Remember my Bah, Humbug post, in which I confessed that I don’t like the holiday season?
Since then I have come across a couple of articles that have helped with my attitude. In some cases, authors formulated what I had been thinking and trying to say far more clearly than I did. In others, I was simply forced to rethink things in a different light. Either way, I was ministered to, and I hope you will be.
“Christmas is built upon a beautiful and intentional paradox; that the birth of the homeless should be celebrated in every home.”
By Rachel Jankovic, author of Loving the Little Years (which I am currently reading and loving!)
…Christmas is the ultimate celebration of the material. Because Christmas is the time when God became man. Word to Flesh. Unfettered spirit to the hazards and joys and stresses of physical life. Think about it. Some people want to filter the material out of Christmas and morph it into some pure ethereal spirit religious day. And some people want to filter all the spiritual out of it and make it simply a holiday celebrating the purchasing power of plastic. But the power of Christmas is when spiritual and material meet. And it always has been. That is the joy of the season, that is the good news, that is the laughter and the paradox and the earth-shaking magic of Christmas. The infinite Word became a physical baby.
It wasn’t like that first Christmas was a time of quiet reflection. Mary and Joseph were on a huge last-minute trip. And she’s big pregnant on a donkey? Think of it. It sounds like the worst travel experience of all time. No room. No bed. No privacy. Baby coming. Not just any baby either — one Mary knew was the Messiah. Angels? Shepherds dropping in? You think she felt dressed for that? I doubt Mary had time to throw together a cheese platter. She was in a barn, forced to place the King of kings — her Lord — in a trough. And I doubt her livestock roommates were quite as cute as they look in the storybooks.
The truth is, that’s what it’s like when the Spiritual becomes Material. When God became Man. It’s not easy, because it turns the world upside down, a true cataclysm of joy…read the rest
From C.S. Lewis’s God in the Dock:
Three things go by the name of Christmas. One is a religious festival. This is important and obligatory for Christians; but as it can be of no interest to anyone else, I shall naturally say no more about it here. The second (it has complex historical connections with the first, but we needn’t go into them) is a popular holiday, an occasion for merry-making and hospitality. If it were my business to have a ‘view’ on this, I should say that I much approve of merry-making. But what I approve of much more is everybody minding his own business. I see no reason why I should volunteer views as to how other people should spend their own money in their own leisure among their own friends. It is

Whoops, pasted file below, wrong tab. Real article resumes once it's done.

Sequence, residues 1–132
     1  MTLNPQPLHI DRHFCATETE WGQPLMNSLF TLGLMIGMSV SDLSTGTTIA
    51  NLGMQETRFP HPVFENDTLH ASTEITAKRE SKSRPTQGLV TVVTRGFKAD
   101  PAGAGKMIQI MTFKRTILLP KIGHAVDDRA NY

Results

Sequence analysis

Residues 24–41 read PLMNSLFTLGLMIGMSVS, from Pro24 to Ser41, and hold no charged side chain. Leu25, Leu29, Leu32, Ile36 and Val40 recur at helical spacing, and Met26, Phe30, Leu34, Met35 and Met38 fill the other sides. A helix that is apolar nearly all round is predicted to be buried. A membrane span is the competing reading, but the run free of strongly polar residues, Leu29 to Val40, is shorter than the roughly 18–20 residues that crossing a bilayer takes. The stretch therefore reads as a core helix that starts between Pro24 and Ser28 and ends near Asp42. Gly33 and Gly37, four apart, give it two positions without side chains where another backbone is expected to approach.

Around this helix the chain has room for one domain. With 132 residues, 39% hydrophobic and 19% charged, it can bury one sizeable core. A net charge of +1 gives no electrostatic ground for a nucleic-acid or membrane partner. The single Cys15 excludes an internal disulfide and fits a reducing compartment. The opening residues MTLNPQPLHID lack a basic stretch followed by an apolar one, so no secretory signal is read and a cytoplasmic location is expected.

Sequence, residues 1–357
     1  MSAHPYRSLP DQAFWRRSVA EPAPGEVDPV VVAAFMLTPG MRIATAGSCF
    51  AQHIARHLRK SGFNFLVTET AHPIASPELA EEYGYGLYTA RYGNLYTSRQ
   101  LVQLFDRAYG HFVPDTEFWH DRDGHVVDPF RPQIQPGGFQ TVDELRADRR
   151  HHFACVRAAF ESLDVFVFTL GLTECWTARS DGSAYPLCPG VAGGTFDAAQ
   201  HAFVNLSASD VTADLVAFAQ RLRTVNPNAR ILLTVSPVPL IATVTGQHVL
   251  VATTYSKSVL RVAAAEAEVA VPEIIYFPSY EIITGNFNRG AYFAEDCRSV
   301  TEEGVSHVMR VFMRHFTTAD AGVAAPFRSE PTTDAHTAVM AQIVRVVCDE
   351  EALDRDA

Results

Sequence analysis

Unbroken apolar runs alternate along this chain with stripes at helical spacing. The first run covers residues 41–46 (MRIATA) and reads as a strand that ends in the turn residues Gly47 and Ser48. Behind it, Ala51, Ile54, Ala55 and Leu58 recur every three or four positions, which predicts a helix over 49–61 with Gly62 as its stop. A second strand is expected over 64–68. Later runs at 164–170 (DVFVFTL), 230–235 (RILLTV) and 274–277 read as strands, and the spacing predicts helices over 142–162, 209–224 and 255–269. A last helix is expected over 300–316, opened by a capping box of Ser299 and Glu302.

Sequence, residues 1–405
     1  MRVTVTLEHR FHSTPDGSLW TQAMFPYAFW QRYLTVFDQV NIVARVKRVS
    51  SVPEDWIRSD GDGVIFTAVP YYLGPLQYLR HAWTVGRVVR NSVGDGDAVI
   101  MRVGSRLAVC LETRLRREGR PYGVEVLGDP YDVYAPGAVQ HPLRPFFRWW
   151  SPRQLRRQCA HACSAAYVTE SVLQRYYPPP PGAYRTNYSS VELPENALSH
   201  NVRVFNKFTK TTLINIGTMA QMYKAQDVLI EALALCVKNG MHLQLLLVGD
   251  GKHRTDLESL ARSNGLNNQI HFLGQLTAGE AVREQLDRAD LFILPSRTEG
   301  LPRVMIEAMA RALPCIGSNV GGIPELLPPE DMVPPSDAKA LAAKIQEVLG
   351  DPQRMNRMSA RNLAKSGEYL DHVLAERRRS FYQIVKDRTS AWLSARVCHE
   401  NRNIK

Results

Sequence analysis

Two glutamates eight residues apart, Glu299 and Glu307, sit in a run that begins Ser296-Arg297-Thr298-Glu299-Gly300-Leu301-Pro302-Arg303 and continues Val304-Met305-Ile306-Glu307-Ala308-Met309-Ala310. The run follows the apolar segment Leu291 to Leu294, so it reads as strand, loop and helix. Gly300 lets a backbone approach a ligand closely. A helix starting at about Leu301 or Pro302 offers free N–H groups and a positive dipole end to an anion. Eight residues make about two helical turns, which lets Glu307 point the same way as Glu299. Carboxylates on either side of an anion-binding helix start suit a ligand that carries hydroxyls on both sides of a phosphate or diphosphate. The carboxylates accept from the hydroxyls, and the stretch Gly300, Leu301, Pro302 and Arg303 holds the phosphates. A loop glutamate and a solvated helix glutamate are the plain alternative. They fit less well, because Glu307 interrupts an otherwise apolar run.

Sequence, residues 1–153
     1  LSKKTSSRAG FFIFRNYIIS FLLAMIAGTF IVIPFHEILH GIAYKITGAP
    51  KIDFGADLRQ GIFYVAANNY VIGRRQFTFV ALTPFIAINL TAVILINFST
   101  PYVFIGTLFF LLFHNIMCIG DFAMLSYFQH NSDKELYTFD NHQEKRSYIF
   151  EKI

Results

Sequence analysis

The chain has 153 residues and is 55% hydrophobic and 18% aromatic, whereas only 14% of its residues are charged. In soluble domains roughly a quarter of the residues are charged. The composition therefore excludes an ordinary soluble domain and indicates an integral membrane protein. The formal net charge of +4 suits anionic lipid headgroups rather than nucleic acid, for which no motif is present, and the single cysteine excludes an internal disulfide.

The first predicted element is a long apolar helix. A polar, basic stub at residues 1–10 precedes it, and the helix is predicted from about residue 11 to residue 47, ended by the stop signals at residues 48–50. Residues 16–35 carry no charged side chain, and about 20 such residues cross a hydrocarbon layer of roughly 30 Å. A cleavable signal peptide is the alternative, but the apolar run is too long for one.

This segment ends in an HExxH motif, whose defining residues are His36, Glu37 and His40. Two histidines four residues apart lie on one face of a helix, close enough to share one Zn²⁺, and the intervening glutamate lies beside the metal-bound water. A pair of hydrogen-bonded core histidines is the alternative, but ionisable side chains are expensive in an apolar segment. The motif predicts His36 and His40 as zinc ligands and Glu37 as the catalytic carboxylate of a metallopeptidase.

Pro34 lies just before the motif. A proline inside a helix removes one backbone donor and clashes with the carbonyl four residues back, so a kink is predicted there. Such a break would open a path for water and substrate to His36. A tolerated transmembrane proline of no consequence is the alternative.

highly probable that they want my advice on such matters as little as I want theirs. But the third thing called Christmas is unfortunately everyone’s business.
I mean of course the commercial racket. The interchange of presents was a very small ingredient in the older English festivity. Mr. Pickwick took a cod with him to Dingley Dell; the reformed Scrooge ordered a turkey for his clerk; lovers sent love gifts; toys and fruit were given to children. But the idea that not only all friends but even all acquaintances should give one another presents, or at least send one another cards, is quite modern and has been forced upon us by the shopkeepers. Neither of these circumstances is in itself a reason for condemning it. I condemn it on the following grounds…read the rest
And a quote from my wise and understanding husband:
I think too many Christians stress about the (false) dichotomy between the spiritual and material aspects of Christmas. It’s a FEASTing season where we give good things to our families.
Relax, it’s OK for the kids to be excited about the food and the presents. They represent tangible manifestations of God’s blessings. When God give you are present – a raise, a bonus, a great deal on something you want, don’t you get excited? When you do that for your kids, shouldn’t they?
I think so.